Daily Light – January 31, 2020

Ask God for the World

The Missing Prayer the Nations Need

Article by David Platt, Pastor, Washington, DC

God’s end goal in the world is that his glory would be known and enjoyed among all the nations. This reality is evident from cover to cover in the Bible, from the creation of man and woman in God’s image to the consummation of God’s kingdom in a multitude from every nation, tribe, people, and language worshiping him for the salvation and satisfaction found in him (Genesis 1:26–28Revelation 7:9–17).

If this is the end goal of God — the spread of his glory among all the nations — then this should be the end goal of every Christian in whom the Spirit of God dwells. If the Spirit of God wants the world for Christ, and you have the Spirit of God living in you, then you will want the world for Christ. Global mission is apparently not a program in the church for a select few who are called in a special way. Global mission is the purpose for which we all have breath. Every Christian lives and dies for the spread of God’s glory among all the nations. This means that every Christian, at least in theory, prays for the spread of God’s glory among all the nations.

But what about in practice?

If Angels Heard Our Prayers

If someone were to listen in on your prayers over the last week, would they hear a zeal for God’s glory among all the nations? Would they hear concern for the more than two billion men, women, and children who are among groups still unreached by the gospel? Would they hear compassion for imprisoned and endangered brothers and sisters in persecuted countries?

Would they hear prayers for God’s mercy and justice amidst crises in Latin America or conflicts in the Middle East, or on behalf of the starving in sub-Saharan Africa, the trafficked in South Asia, and refugees forced from their homes around the world? Would they hear pleading for the health of the global church in places where it does exist and for missionaries who are planting the church where it does not exist?

If the answer to any (or all) of the above questions is “no,” I simply want to encourage you to incorporate praying for the world into your regular time alone with God. And I want to encourage you in this way because God has invited you to pray in this way. Well, to be more accurate, he has commanded you to pray in this way. But as with his other commands, this is an invitation from God to participate with him in what he is doing in the world.

How to Pray for the World

Just think of it: Before you or I get out of bed in the morning, we can pause and play a part in what God is doing in North Korea. Or North Africa. Among the unreached, among the persecuted, and among the suffering in places where we may never go and in the lives of people we may never meet (at least this side of heaven). And God has not only invited you and me to ask him for requests around the world; he has promised to answer our requests according to his word.

So how do we pray for the world according to God’s word? I offer the following as a biblical and practical guide to get you started:

Pray for the unreached among the nations.

Pray that God would relent of his wrath and show his mercy by saving people who are unreached right now. Pray that God would send laborers to them and from among them (Matthew 9:36–38). Pray that a similar pattern from the ministry of Paul and Barnabas through Acts 13–14 would emerge: that missionaries among the unreached would have confidence in God’s word (Acts 13:4–5), power from God’s Spirit (Acts 13:6–7), victory in spiritual warfare (Acts 13:10–12), success in gospel witness (Acts 13:12), peace with other believers, and favor with unbelievers (Acts 13:14–15).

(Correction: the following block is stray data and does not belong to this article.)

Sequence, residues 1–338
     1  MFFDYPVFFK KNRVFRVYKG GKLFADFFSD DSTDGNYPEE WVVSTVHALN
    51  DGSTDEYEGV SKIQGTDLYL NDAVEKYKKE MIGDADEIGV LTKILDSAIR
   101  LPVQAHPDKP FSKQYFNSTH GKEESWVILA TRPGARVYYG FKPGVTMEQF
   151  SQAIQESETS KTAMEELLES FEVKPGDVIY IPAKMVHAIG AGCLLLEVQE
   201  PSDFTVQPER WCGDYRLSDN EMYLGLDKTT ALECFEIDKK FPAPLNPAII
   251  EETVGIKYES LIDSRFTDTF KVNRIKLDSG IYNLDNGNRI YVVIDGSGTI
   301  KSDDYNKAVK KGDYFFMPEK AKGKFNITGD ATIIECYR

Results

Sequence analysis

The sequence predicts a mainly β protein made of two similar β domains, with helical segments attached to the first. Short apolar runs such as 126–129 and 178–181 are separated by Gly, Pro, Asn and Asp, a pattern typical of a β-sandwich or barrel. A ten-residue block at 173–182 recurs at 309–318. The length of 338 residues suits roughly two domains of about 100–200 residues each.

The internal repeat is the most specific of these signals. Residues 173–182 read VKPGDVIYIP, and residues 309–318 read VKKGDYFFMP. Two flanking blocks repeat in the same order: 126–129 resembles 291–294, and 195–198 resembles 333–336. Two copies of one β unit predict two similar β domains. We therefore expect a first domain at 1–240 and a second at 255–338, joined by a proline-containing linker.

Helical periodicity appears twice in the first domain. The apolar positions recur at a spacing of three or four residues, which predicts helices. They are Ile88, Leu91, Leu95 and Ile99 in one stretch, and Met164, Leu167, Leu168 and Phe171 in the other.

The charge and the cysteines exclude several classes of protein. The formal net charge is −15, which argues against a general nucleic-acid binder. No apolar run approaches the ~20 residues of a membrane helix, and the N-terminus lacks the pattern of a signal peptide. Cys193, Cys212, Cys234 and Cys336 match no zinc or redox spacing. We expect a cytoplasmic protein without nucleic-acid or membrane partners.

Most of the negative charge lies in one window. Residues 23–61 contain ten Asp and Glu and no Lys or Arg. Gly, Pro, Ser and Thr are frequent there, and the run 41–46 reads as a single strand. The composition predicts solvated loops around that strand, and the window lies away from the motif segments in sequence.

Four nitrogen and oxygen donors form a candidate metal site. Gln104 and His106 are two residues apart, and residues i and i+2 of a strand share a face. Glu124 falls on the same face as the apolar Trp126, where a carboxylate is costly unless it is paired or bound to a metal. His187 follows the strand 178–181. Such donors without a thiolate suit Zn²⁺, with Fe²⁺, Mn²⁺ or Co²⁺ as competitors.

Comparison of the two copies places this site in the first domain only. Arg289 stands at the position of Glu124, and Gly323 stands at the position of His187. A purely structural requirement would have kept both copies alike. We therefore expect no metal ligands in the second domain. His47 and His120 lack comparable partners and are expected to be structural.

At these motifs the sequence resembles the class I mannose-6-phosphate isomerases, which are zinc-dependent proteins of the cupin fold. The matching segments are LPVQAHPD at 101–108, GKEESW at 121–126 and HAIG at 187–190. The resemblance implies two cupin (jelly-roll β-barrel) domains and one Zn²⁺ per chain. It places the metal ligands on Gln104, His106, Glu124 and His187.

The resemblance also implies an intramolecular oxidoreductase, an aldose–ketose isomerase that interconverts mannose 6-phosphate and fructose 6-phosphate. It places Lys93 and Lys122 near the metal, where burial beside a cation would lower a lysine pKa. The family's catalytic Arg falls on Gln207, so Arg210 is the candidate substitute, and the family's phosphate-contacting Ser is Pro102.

Pray that the gospel would be clear through them (Acts 13:26–34) and that God would open hearts around them (Acts 13:48). Pray for their joy in the midst of suffering, kindness in the midst of slander (Acts 14:1–2), spiritual power (Acts 14:3), personal humility (Acts 14:4–18), patience (Acts 14:8–18), and perseverance (Acts 14:19–20). Pray that God would use them to make disciples and multiply churches (Acts 14:21–28).

For a useful tool to help in praying specifically for unreached people groups, I encourage you to download the “Unreached of the Day” app from Joshua Project. This is a simple, powerful way to incorporate prayer for the nations into your daily walk with God.

Pray for the persecuted among the nations.

Ask God to strengthen persecuted believers that they might hold fast to the hope God gives, to know the depth of God’s love for them, to experience boldness and strength from the Holy Spirit, to proclaim the gospel faithfully. Pray for persecutors to see and come to know Christ through the lives of those they are persecuting, and for justice (Acts 4:23–302 Timothy 1:8–14).

Pray for the poor among the nations.

Plead for provision of food for the hungry and for safe drinking water for the thirsty. For medical provision for children and adults suffering and dying of preventable diseases. For refugees who have been separated from their homes due to natural and moral disasters. For the church to give generously, sacrificially, and cheerfully to the poor (Deuteronomy 15:7–11Proverbs 3:27–28Matthew 25:34–40James 2:15–171 John 3:16–18).

Pray for orphans and vulnerable children among the nations.

For children and their parents in the foster care system. For children and caregivers in orphanages. For foster care and adoptive families. For unadoptable and unadopted children around the world (Deuteronomy 10:17–19Psalm 82:3–4Isaiah 1:17James 1:27).